The awkwardness Myers projects in the lead role gives the impression that he seems more into playing his character’s father under heavy old age makeup. It’s the first example of this Peter Sellers sort of approach in his films (interestingly, Myers also dotes on the word ‘evil’ at one point, as if preparing for the AUSTIN POWERS trilogy) but the father always seems slightly separated from the rest of the story, singing along to the Bay City Rollers or muttering conspiracy theories as if playing in an SNL sketch while everyone else is in an actual movie. With Myers seeming uncomfortable playing a normal guy, the film needed a female lead to really bring some juice to all this, to somehow add something to the script’s subtext. Nancy Travis is very attractive (I love her in that dress she wears on their honeymoon) and seems friendly enough but she has no edge to her at all, so the romance just all comes off as vanilla. She’s one of those actresses who always worked better on sitcoms, like ALMOST PERFECT in the mid-90s and the two leads combined just turn the center of the movie into a giant black hole.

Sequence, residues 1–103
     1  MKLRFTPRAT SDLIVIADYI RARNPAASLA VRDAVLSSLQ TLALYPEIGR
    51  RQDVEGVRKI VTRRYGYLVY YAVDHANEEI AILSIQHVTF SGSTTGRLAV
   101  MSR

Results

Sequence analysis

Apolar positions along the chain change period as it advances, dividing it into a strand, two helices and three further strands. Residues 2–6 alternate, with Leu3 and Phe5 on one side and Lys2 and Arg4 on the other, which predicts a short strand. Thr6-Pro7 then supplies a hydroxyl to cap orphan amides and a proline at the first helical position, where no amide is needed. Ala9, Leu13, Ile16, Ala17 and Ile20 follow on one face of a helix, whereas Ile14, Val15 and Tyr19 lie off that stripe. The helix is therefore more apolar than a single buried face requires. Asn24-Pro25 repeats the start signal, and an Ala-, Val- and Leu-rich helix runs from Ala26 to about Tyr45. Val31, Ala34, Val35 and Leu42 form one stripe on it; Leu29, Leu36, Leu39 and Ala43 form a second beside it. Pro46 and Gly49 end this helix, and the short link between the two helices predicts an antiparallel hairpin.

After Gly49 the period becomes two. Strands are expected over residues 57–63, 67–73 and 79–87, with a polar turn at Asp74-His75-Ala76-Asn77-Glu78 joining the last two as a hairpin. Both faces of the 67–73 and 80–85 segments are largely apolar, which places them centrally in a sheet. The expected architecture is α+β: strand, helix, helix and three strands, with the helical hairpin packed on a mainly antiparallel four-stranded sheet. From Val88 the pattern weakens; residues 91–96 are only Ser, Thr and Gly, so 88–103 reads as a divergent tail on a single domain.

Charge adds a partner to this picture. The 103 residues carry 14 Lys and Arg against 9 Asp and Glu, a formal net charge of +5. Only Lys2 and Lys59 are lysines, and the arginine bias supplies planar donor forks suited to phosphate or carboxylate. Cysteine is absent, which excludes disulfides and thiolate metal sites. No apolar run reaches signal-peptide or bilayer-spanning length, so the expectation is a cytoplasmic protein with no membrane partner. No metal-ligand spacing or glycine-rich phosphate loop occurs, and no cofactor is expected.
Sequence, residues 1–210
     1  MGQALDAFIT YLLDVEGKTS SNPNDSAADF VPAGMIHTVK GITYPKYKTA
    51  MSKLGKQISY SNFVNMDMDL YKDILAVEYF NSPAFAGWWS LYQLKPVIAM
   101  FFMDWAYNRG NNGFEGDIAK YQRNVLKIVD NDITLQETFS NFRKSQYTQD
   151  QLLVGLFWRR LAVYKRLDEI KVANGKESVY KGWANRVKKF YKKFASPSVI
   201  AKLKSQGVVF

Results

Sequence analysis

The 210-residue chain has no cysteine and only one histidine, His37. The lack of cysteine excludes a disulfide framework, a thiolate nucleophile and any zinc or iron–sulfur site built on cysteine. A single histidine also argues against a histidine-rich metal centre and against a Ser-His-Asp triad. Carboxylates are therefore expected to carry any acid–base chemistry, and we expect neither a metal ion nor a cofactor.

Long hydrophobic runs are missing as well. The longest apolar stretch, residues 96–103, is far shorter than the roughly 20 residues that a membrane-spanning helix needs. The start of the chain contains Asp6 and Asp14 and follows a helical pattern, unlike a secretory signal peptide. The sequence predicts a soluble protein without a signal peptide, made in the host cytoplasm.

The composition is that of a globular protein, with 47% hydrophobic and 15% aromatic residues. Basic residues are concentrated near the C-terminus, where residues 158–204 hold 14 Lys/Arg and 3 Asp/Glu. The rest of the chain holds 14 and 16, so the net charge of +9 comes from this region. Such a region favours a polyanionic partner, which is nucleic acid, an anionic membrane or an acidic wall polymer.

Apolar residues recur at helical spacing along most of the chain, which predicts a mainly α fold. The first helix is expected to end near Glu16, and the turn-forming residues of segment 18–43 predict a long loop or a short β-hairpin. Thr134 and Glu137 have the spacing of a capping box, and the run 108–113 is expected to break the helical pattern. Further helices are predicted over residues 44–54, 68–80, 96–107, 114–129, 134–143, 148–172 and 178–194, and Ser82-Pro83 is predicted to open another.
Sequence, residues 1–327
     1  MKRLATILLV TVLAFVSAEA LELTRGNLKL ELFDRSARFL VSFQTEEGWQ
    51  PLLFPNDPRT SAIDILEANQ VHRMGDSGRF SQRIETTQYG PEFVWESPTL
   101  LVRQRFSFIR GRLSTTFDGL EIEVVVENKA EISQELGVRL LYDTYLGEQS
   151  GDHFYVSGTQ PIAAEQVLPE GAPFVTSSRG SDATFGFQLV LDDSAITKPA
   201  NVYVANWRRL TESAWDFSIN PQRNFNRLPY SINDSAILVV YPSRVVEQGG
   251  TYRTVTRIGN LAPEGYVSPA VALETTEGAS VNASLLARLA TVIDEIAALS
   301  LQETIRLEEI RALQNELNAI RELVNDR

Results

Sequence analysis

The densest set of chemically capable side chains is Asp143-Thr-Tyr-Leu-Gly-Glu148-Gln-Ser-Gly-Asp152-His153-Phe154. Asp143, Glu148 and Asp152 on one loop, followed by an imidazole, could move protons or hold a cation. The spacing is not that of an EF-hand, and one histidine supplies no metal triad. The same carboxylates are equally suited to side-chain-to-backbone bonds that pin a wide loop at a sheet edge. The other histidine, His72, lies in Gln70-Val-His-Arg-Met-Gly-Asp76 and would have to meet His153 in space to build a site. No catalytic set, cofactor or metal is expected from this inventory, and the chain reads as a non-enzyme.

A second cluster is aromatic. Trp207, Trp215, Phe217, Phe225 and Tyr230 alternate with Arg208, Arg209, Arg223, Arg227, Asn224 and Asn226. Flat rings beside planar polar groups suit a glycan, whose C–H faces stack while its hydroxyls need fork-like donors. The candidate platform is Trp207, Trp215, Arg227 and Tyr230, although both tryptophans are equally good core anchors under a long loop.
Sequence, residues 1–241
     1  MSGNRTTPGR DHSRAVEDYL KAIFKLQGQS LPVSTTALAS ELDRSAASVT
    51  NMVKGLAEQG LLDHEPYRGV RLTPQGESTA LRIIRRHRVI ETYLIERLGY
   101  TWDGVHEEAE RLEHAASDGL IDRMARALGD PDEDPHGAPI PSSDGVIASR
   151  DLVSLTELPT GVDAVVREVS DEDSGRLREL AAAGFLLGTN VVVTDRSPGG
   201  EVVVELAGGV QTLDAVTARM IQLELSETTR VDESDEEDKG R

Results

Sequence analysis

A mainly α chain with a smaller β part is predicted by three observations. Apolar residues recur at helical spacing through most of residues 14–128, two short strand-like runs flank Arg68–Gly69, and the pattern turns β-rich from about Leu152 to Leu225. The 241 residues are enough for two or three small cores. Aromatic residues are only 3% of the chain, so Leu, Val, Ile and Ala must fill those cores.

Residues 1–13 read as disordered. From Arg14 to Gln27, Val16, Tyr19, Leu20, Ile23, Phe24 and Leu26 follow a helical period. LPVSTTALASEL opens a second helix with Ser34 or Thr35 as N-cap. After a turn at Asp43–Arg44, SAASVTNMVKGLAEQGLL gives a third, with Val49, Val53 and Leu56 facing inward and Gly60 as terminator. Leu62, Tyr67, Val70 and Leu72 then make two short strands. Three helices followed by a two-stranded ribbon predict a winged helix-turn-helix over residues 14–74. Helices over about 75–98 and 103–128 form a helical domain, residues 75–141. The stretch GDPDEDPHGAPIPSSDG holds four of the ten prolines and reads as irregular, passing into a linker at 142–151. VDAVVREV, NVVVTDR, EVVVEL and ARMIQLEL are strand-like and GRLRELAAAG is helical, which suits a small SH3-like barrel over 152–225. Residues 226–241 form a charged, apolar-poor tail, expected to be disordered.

Amanda Plummer as Harriet’s sister Rose actually does provide some edge in her first scene but she doesn’t get to do very much after that. Anthony LaPaglia does proves how consistently funny he can really be in the stock best friend role, Brenda Fricker feels slightly underused as Charlie’s mother, Debi Mazar has one cute moment as Tony’s girlfriend who got electrocuted once, Al Nalbandian (instantly recognizable from other Bay Area shoots like THE CONVERSATION and AMERICAN GRAFFITTI) is a customer in the butcher shop while Sheila Kelley of L.A. LAW and recently LOST can be seen in photos as Charlie’s ex-girlfriend—evidence of deleted scenes or was she just doing someone a favor? By a long shot, the best thing in the whole movie is the uncredited Alan Arkin, brilliant as Tony’s captain in three brief scenes (it feels like there should be another to make the running gag completely work, but never mind) who has no idea how to be the kind of cop who screams at people. When Tony moans how he wishes he could commandeer a vehicle and Arkin, smiling, says, “Now that sounds like a fun of fun,” in a spacey kind of way it gets me to laugh out loud like nothing else in the entire movie. A few brief minutes in this middling movie should be all anyone needs to realize what a treasure Alan Arkin really is.